Distribution

            VD: 2.6-2.9 L/kg

            Protein bound: 20%

            Metabolism

            Tramadol

            • Undergoes extensive hepatic metabolism; it is metabolized by CYP2D6 to the active metabolite O-desmethyltramadol (M1), which has a 200-fold greater affinity for opioid receptors than does tramadol
            • CYP2D6 poor metabolizers have shown a 20% increase in tramadol levels and a 40% decrease in O-desmethyltramadol (M1)

            Acetaminophen

            • Undergoes glucuronide and sulfate conjugation

            Elimination

            Half-life

            • Tramadol: 5-7 hr
            • Acetaminophen: 2-4 hr

            Excretion

            • Tramadol: Primarily renal excretion
            • Acetaminophen: Less than 9% excreted unchanged in urine

            Pharmacogenomics

            Genetic testing laboratories

            • The Roche Cytochrome AmpliChip P450 2D6/2C19 Genotyping and Phenotyping Assay can be used to identify 26 different alleles of CYP2D6
            • The following companies offer testing for CYP2D6 variants
            • DxS (http://www.dxsdiagnostics.com/)
            • Genelex (http://www.genelex.com)
            • LabCorp (http://www.labcorp.com/)
            • Luminex (http://www.luminexcorp.com)
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            Formulary

            FormularyPatient Discounts

            Adding plans allows you to compare formulary status to other drugs in the same class.

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            • View the formulary and any restrictions for each plan.
            • Manage and view all your plans together – even plans in different states.
            • Compare formulary status to other drugs in the same class.
            • Access your plan list on any device – mobile or desktop.

            The above information is provided for general informational and educational purposes only. Individual plans may vary and formulary information changes. Contact the applicable plan provider for the most current information.

            Tier Description
            1 This drug is available at the lowest co-pay. Most commonly, these are generic drugs.
            2 This drug is available at a middle level co-pay. Most commonly, these are "preferred" (on formulary) brand drugs.
            3 This drug is available at a higher level co-pay. Most commonly, these are "non-preferred" brand drugs.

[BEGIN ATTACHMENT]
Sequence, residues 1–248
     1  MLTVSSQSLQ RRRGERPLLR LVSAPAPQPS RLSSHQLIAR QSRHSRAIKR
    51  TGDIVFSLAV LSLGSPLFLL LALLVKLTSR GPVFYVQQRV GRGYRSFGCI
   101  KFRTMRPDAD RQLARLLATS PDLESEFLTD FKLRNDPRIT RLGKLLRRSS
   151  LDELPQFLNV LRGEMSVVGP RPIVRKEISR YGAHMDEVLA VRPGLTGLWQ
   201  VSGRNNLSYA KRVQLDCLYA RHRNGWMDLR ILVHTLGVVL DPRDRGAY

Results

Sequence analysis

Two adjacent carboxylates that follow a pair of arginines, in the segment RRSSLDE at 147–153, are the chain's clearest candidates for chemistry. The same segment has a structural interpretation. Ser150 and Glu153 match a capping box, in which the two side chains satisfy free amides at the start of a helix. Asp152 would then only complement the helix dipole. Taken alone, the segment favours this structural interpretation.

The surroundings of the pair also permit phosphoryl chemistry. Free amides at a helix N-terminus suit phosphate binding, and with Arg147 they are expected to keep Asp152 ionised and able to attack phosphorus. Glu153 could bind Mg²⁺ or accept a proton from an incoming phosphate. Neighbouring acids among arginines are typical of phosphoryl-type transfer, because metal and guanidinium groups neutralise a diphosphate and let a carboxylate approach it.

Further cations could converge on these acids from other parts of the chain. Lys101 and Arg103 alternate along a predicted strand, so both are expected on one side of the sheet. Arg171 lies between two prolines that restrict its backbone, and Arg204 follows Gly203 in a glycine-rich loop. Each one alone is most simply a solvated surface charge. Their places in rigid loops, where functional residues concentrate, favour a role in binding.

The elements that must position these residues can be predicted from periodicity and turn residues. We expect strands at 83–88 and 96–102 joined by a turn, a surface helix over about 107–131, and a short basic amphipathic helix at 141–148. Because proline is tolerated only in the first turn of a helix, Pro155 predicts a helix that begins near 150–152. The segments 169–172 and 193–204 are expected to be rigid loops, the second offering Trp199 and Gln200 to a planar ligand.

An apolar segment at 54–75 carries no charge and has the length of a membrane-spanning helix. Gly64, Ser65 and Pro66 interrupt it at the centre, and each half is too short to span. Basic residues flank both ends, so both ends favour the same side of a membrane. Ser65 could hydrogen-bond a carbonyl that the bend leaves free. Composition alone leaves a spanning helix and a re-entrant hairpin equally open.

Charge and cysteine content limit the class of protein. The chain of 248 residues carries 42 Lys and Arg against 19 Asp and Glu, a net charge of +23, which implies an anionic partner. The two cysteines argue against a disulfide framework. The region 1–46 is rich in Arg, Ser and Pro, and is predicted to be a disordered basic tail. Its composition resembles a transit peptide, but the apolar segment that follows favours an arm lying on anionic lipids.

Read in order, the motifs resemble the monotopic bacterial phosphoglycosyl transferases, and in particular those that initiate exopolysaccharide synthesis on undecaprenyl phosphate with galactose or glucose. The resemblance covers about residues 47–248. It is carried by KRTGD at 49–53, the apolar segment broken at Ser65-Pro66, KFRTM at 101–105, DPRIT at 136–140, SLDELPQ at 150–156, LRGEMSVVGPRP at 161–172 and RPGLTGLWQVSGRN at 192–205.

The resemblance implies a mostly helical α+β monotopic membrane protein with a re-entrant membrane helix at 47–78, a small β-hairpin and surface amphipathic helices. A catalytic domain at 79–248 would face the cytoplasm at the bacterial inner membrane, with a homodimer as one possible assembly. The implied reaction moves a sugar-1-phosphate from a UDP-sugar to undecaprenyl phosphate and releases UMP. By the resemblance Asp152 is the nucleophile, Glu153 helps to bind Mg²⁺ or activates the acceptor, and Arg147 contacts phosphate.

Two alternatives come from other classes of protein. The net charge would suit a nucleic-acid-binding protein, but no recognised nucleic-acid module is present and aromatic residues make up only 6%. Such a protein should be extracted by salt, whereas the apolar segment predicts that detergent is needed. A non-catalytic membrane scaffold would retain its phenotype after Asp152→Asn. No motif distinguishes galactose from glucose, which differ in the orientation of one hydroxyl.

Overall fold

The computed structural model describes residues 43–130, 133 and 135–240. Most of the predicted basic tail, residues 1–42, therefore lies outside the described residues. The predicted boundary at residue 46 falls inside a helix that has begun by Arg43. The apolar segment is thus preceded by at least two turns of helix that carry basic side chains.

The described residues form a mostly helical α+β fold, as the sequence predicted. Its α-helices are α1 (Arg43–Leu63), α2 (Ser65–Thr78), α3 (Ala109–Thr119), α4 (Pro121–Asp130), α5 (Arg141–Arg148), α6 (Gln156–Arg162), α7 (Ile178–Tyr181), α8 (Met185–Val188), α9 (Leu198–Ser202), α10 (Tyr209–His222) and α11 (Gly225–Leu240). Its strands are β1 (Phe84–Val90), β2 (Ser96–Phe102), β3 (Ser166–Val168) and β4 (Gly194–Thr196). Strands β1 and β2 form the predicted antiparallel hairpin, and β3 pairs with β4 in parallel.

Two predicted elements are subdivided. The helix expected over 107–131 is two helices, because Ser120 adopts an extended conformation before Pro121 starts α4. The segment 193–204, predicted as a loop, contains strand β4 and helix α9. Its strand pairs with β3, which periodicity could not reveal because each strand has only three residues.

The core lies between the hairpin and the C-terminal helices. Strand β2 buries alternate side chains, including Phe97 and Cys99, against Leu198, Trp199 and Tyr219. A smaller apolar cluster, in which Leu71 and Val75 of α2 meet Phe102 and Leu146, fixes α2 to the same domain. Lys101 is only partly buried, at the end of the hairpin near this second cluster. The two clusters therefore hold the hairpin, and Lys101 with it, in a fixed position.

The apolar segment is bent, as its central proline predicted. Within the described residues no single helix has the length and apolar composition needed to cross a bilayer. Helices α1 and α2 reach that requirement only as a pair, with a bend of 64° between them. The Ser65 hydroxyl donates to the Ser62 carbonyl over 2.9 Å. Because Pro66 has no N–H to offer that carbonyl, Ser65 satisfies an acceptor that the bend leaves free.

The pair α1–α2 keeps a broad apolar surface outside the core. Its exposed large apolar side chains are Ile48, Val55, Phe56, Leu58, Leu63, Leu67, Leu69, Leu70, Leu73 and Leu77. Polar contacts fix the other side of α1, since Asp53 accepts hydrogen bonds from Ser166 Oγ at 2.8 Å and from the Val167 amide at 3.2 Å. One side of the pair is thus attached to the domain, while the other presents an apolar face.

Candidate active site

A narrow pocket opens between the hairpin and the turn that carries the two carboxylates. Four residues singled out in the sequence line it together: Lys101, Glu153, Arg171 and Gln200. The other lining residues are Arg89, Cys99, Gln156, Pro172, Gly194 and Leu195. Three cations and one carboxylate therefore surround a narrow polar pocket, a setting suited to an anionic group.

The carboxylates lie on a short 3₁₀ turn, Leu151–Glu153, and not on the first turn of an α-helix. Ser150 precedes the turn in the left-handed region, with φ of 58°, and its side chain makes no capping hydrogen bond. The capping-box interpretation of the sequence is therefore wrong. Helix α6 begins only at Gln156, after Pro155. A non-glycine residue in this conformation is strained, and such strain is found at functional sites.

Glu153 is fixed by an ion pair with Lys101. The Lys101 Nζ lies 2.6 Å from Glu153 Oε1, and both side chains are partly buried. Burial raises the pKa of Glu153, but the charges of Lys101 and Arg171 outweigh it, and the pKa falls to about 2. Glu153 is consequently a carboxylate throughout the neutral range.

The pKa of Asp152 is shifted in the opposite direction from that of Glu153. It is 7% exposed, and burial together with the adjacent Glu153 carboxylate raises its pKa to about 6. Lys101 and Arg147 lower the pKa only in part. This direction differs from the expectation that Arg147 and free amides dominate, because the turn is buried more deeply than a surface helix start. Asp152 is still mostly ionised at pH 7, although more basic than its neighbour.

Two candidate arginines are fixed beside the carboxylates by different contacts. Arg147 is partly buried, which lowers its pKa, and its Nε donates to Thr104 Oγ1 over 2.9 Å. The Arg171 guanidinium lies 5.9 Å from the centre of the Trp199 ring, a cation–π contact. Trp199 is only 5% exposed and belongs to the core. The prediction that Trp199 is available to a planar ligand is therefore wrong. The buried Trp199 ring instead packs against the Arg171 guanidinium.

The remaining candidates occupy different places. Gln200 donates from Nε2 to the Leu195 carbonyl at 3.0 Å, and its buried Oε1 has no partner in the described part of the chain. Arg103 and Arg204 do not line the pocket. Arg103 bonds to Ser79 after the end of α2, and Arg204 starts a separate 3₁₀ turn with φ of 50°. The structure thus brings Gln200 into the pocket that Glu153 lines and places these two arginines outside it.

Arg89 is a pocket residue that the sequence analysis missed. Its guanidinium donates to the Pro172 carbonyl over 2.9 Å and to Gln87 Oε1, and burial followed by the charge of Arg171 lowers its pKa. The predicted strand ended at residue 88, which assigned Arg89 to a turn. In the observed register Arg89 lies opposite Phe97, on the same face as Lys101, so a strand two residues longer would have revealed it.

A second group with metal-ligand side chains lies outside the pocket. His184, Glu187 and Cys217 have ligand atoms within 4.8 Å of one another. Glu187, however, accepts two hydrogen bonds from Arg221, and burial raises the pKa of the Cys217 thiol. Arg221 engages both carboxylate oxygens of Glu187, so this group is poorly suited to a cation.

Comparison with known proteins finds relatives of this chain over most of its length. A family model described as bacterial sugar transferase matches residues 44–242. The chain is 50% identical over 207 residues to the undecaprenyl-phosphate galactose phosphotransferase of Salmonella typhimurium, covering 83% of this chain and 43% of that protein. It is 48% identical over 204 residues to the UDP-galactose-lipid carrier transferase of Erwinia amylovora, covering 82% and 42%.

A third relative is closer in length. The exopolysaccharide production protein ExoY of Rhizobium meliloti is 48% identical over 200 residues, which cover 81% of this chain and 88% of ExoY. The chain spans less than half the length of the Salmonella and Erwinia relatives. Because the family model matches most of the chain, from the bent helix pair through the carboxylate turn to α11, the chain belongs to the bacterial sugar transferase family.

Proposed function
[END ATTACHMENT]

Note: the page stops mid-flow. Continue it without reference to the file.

4 This drug is available at a higher level co-pay. Most commonly, these are "non-preferred" brand drugs or specialty prescription products.
            5 This drug is available at a higher level co-pay. Most commonly, these are "non-preferred" brand drugs or specialty prescription products.
            6 This drug is available at a higher level co-pay. Most commonly, these are "non-preferred" brand drugs or specialty prescription products.
            NC NOT COVERED – Drugs that are not covered by the plan.
            Code Definition
            PA Prior Authorization
            Drugs that require prior authorization. This restriction requires that specific clinical criteria be met prior to the approval of the prescription.
            QL Quantity Limits
            Drugs that have quantity limits associated with each prescription. This restriction typically limits the quantity of the drug that will be covered.
            ST Step Therapy
            Drugs that have step therapy associated with each prescription. This restriction typically requires that certain criteria be met prior to approval for the prescription.
            OR Other Restrictions
            Drugs that have restrictions other than prior authorization, quantity limits, and step therapy associated with each prescription.
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            Medscape prescription drug monographs are based on FDA-approved labeling information, unless otherwise noted, combined with additional data derived from primary medical literature.